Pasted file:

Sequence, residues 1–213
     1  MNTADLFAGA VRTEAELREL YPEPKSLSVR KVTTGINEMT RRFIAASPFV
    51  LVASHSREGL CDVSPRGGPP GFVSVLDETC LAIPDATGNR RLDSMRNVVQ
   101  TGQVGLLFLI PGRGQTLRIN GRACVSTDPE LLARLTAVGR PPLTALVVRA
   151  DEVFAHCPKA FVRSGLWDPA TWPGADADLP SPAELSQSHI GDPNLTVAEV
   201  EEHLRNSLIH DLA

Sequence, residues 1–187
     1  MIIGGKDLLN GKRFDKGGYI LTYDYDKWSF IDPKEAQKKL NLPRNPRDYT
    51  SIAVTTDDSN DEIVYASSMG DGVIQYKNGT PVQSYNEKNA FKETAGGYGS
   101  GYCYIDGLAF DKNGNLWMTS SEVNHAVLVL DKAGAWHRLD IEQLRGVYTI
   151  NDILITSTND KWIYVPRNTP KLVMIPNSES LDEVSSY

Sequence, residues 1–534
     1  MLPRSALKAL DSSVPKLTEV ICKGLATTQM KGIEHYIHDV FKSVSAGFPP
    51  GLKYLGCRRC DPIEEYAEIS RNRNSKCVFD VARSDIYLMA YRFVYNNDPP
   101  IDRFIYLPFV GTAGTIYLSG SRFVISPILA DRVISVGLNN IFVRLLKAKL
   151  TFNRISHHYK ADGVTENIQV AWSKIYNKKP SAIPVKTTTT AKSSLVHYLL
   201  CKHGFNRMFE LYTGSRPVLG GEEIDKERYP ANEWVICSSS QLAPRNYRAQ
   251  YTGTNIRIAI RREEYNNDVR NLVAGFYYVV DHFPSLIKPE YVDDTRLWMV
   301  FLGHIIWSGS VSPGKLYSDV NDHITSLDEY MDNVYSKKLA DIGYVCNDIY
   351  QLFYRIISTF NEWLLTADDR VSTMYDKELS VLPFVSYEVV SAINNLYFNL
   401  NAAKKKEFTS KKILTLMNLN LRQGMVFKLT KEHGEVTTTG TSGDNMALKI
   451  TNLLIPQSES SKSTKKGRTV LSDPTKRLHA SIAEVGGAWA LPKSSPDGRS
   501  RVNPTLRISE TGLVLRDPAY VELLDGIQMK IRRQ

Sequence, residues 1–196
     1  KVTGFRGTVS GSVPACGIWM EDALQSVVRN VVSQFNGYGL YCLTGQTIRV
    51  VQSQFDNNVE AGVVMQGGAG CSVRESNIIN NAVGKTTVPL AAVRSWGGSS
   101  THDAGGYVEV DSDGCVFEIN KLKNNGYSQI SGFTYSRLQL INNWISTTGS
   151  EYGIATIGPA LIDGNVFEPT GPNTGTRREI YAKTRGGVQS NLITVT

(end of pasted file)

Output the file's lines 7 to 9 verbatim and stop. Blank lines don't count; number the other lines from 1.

Sequence, residues 1–187
     1  MIIGGKDLLN GKRFDKGGYI LTYDYDKWSF IDPKEAQKKL NLPRNPRDYT
    51  SIAVTTDDSN DEIVYASSMG DGVIQYKNGT PVQSYNEKNA FKETAGGYGS